Here are some simple ways we can all conserve energy to limit our environmental impact.

1. Unplug, switch off, be mindful

When it comes to climate change, many of us don’t realise just how much our everyday actions are contributing to the problem. It would be reasonable to assume that an electronic device consumes most of its energy when it’s in full use, but this isn’t the case.

Only 5% of the power drawn by a mobile phone charger is used to charge the phone, and a typical microwave oven uses more power to keep its digital clock on standby than it does to heat food. Meanwhile, 75% of the electricity used to power devices is consumed while they’re on standby.

These surprising statistics reiterate the importance of turning devices off at the wall when they’re not in use or even unplugging chargers completely; easily achievable solutions that could also also save you around £55 a year. And there are many other similarly simple changes that can make a big difference to energy efficiency, for instance:

  • Only boiling the amount of water you need in a kettle, which could save you £11 a year in addition to reducing waste and environmental damage.
  • Ensuring washing machines and dishwashers are fully loaded before use.
  • Washing clothes at 30 degrees and using the dishwasher’s eco setting.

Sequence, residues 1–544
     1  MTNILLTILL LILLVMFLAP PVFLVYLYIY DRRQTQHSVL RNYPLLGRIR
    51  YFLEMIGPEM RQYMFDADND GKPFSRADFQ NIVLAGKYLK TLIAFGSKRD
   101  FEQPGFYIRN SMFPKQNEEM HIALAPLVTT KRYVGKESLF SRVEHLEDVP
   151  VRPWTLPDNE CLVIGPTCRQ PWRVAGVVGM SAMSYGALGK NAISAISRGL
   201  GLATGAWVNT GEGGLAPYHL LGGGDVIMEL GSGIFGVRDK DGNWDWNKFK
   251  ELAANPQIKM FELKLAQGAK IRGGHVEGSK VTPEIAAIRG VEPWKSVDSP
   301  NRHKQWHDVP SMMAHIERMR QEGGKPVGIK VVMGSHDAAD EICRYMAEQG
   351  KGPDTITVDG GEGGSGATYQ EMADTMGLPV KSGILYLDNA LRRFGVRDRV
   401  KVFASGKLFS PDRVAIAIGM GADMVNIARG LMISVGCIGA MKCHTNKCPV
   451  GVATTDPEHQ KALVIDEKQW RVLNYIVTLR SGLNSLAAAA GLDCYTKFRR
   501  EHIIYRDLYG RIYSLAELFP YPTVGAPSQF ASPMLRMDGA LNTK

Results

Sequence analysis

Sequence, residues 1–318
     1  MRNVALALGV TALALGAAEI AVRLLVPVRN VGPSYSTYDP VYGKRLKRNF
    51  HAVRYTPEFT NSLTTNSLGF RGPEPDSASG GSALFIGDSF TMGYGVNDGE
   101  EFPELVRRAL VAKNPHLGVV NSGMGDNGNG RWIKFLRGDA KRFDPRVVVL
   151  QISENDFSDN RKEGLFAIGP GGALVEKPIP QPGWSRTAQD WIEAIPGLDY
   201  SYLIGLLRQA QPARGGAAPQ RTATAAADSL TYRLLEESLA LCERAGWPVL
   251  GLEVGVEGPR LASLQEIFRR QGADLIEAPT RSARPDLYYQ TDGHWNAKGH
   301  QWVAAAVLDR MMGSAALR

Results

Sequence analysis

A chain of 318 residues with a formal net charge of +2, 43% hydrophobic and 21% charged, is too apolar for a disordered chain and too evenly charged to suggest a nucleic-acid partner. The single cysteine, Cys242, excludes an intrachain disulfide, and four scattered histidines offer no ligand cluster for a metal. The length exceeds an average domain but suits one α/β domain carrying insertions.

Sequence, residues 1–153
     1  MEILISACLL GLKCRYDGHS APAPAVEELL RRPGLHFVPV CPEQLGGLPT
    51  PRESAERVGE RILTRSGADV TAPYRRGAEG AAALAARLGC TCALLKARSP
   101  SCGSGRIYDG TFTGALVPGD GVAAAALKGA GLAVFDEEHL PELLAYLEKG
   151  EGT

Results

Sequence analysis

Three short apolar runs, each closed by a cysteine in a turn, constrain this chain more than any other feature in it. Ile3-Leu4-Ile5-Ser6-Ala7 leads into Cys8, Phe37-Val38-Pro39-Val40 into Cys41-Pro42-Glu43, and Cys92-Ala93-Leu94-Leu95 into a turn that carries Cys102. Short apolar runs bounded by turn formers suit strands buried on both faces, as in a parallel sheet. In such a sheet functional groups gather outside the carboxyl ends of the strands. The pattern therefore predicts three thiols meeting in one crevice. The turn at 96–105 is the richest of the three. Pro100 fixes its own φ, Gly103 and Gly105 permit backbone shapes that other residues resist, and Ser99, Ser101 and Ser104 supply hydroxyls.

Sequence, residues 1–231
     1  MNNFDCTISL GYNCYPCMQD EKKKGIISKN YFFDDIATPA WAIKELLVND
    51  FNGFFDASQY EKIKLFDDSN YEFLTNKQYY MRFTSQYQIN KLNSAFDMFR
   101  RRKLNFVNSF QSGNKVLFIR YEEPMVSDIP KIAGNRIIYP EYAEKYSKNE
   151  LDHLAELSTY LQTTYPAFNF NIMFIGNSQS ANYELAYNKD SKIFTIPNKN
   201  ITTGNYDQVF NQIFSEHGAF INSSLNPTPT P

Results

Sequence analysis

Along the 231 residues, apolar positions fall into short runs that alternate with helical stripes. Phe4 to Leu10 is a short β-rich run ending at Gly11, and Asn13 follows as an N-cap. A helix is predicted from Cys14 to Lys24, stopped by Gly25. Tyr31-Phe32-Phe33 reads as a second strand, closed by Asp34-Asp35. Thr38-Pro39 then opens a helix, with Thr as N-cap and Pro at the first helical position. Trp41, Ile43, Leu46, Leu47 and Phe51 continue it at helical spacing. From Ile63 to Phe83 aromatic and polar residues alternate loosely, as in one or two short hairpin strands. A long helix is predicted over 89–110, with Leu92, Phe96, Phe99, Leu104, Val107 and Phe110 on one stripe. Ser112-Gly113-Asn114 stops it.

To take the energy saving mission to the next level, you could consider replacing the most energy intensive appliances such as tumble driers, kettles and toasters with more efficient versions. Moreover, switching all the bulbs in your home to LED lights could reduce your carbon dioxide emissions by up to 65 kg a year.

2. Heat your home, not the planet

The easiest way to heat your home responsibly is to switch to a green energy supplier, such as Octopus or Ecotricity. These companies rely on renewable energy such as wind and solar rather than fossil fuels, as well as carbon-neutralised natural gas. Another option for houses with a gas boiler is to join a heat network, whereby heat is taken from a central source and distributed to multiple households or buildings via insulated pipes. This could help save up to two tonnes of carbon dioxide per year.